Historically the growth and supply of marijuana in Mexico has been concentrated in the Sinola region, which is controlled by cartels as their growing fields are in close proximity to the U. S. border.

Previous Mexican federal governments’ strategy to dismantle cartels backfired, as destabilizing organizations caused a violent internal power struggle, which also gave life to new, smaller, and reportedly more dangerous gangs, which caused a spike in violence and ‘turf wars.’

Corruption seeped into the municipal police and the military, despite efforts to fire corrupt individuals, making militarization dangerous. A 2009 study by the Justice in Mexico organization found that 93.6 percent of municipal police in Mexico depend on corruption to make a living wage. Considering 61 percent of officers made 4,000 pesos or less per month in 2009 (the equivalent of about $300 in 2009), it’s not surprising.

Since Mexico’s war on drugs began in 2006, it’s been estimated around 200,000 people have been killed, and that‘s a hard number to estimate in a country where 30,000 people have been reported missing, as mass-graves of unidentified people are frequently found in the countryside.

But many believe this violence is a reason to end marijuana prohibition, as when people have legal, regulated places to buy marijuana, it takes the wholesale business and distribution out of the hands of organized crime.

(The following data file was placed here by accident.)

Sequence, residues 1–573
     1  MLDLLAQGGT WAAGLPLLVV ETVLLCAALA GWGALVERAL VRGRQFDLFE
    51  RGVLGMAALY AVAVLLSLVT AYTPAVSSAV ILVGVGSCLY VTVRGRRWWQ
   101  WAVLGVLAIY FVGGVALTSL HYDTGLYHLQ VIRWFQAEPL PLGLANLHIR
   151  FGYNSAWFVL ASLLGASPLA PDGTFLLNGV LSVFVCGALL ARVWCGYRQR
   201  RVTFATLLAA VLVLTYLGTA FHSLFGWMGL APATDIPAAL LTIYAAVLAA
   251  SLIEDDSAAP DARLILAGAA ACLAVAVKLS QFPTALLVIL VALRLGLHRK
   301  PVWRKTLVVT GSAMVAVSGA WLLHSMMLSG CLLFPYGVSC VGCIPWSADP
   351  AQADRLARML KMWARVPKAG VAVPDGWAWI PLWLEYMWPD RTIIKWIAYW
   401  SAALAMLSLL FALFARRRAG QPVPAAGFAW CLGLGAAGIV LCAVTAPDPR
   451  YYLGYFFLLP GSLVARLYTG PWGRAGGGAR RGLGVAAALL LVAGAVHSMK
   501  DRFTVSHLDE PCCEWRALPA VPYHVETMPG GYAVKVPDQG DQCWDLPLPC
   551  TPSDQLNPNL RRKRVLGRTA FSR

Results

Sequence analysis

Marijuana is a huge chunk of ‘cartel’ income, and without that income there is an automatic reduction in their capacity to buy weapons, recruit teens, and bribe politicians.

Mexican money

As prohibition is ‘dialed back’ the cartels are forced, like any business, to downsize and negotiate with the federal government on quality and quantities for personal marijuana; they lose market, lose demand, and lose power to the supply chain and pricing.

But now the market will focus on personal use laws, and unless the new laws make parallel changes to the existing medical marijuana laws, the medical marijuana client community will still be stuck commuting to Mexico City to visit a doctor and pharmacy….unless the cartels get their dirty hands on product and distribution!

Conclusion

In the end, the scenario for Canadian medical marijuana users will not have changed; it’ll be the same old, same old, UNLESS there are changes to the USMCA (which is highly unlikely), or there’s a separate side agreement negotiated between Canada and Mexico regarding the LEGALIZATION of  procurement, shipment, and delivery of medical marijuana and CBD products into Mexico.

I look forward to your comments, tweets, and emails.

About the Author:CJ McCarroll comedian at Rock River Lodge Costa Rica

C.J. is a Canadian baby-boomer aged comedian, who does not do winters, enjoys playing tennis, laying on the beach soaking up the sun, and watching the world go by. C. J has been using CBD based products for managing his aches and pains for over two years.

CJ McCarroll